Artist, writer, cook and photographer Julia Sherman, Founder of Salad for President.
— Our Collection Over the Rainbow is a celebration of color and optimism, in response to the pandemic, and we feel your food: a celebration of colors and texture, resonated with this feeling. How has food contributed to your mental wellbeing during this time?
I feel so grateful that even though cooking has become my work, it still remains my deepest source for ‘calm’. When I am cooking, I am only thinking about cooking, and this is a true gift in a time when I am otherwise staving off panic about the state of the world!
— Your cookbook and recipes evoke a certain brightness at a time when it feels heavy, have you been drawn to any new processes, ingredients, or techniques in your cooking recently?
I am always looking for new ideas in the kitchen, especially now that I am cooking for my two kids (in my experience, kids can sniff out leftovers from a mile away). I am always trying to think of items from the pantry that I can prepare ahead of time and use to easily perk up a basic preparation of vegetables or a salad: pickled things, spice blends, sauces. I am also always planting new things in the garden, and then trying to find ways to make use of the results. It’s a full time job!
— Without being able to comfortably host a dinner at full capacity right now, have you introduced any new rituals into your everyday life, with your family, that surround food and eating?
We used to have huge dinner parties, regularly feeding 20-30 friends at a time. I love that energy, the buzz of moving around the room playing hostess. I could do that every night, but my husband really prefers intimate meals with one other couple, so we actually have a chance to sustain meaningful conversation. The pandemic forced me to meet him at that place, and it has been really lovely.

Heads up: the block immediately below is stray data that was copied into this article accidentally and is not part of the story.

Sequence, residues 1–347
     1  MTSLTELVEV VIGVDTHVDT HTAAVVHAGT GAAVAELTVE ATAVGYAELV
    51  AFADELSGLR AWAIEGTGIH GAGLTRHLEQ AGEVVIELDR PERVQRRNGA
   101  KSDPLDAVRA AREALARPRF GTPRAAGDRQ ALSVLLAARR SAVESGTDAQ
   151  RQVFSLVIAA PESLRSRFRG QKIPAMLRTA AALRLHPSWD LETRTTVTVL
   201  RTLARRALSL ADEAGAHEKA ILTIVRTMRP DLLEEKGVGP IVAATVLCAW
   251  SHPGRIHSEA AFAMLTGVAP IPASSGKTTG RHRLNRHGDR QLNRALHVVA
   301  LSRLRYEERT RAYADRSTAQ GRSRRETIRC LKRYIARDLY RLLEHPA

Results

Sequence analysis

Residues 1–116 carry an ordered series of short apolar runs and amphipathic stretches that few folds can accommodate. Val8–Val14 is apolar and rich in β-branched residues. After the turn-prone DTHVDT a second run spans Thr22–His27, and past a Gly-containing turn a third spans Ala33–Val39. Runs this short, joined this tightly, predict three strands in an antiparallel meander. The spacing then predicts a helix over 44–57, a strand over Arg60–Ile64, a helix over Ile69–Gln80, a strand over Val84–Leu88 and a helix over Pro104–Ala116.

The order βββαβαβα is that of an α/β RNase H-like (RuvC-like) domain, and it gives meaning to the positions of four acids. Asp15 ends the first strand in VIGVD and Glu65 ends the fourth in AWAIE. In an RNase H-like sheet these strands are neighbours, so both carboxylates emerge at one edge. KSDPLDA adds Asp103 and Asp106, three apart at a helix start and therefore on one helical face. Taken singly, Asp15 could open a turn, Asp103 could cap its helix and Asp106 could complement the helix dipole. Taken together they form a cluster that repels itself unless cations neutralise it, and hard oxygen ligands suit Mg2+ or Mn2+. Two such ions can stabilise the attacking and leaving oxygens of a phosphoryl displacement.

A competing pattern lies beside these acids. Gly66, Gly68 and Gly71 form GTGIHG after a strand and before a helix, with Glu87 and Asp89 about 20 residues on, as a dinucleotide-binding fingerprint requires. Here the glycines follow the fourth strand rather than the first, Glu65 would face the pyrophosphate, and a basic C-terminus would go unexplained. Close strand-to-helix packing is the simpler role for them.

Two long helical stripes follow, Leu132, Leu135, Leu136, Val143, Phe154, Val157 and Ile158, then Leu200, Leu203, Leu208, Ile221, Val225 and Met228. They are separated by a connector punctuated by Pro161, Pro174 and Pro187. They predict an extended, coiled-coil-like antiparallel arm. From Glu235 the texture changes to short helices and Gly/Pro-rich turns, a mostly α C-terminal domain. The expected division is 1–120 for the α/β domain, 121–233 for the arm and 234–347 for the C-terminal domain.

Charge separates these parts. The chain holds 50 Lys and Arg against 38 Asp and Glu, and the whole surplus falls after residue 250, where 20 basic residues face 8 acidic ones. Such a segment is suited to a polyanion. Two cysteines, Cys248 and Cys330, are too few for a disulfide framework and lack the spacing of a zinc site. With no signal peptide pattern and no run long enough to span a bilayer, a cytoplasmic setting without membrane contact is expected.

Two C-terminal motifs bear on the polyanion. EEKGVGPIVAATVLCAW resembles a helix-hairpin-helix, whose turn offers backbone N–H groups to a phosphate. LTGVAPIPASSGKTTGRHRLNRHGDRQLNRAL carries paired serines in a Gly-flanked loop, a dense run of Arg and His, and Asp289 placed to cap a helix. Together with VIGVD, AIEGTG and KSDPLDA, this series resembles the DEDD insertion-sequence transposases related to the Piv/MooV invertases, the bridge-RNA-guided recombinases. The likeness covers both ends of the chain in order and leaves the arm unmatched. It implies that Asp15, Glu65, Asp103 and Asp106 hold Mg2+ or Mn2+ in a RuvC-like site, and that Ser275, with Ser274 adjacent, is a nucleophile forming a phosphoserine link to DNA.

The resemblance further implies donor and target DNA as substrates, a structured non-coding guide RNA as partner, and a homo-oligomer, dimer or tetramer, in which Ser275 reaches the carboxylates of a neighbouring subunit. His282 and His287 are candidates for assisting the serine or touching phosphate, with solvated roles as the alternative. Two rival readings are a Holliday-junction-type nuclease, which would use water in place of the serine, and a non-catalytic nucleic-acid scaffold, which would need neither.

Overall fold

— We admire the way you put process ahead of product in terms of food, does this approach seep into other aspects of your life too?
I think remaining connected to process is really a way of life. I try and keep that top of mind in everything I do, from mothering (staying present for the boring and the challenging moments as much as the joyous ones), to my work (taking on projects that foster some kind of personal growth along the way, instead of muscling through tasks so I can check them off the list).
— There are lots of conversations about motherhood being depleting, which has its place, but we’re curious if your experience with motherhood has invigorated your professional practice in any way?
Oh yes. My biggest fear in becoming a mother was that it would zap all my creativity from my bones the moment the baby was born. I have found the opposite. While I have had to come to terms with the fact that I simply do not have the time to do everything I once did, when it comes to my own personal and professional advancement, I feel more motivated and excited about my creative practice than ever before. My kids force me to slow down and not to sweat the small stuff (since I don’t have the time or energy for it anyway). I think ultimately, this makes space for creative thought.
— How did you feel at the Anaak shoot? Did the clothes inspire any new feelings or way of being for you?
I can never quite figure out what my California style is. I love layers, sweaters, warm clothing and textures. I end up wearing exercise clothes most of the time, which makes me feel like a totally different person! These dresses felt like the perfect solution: light and comfortable, but put together at the same time.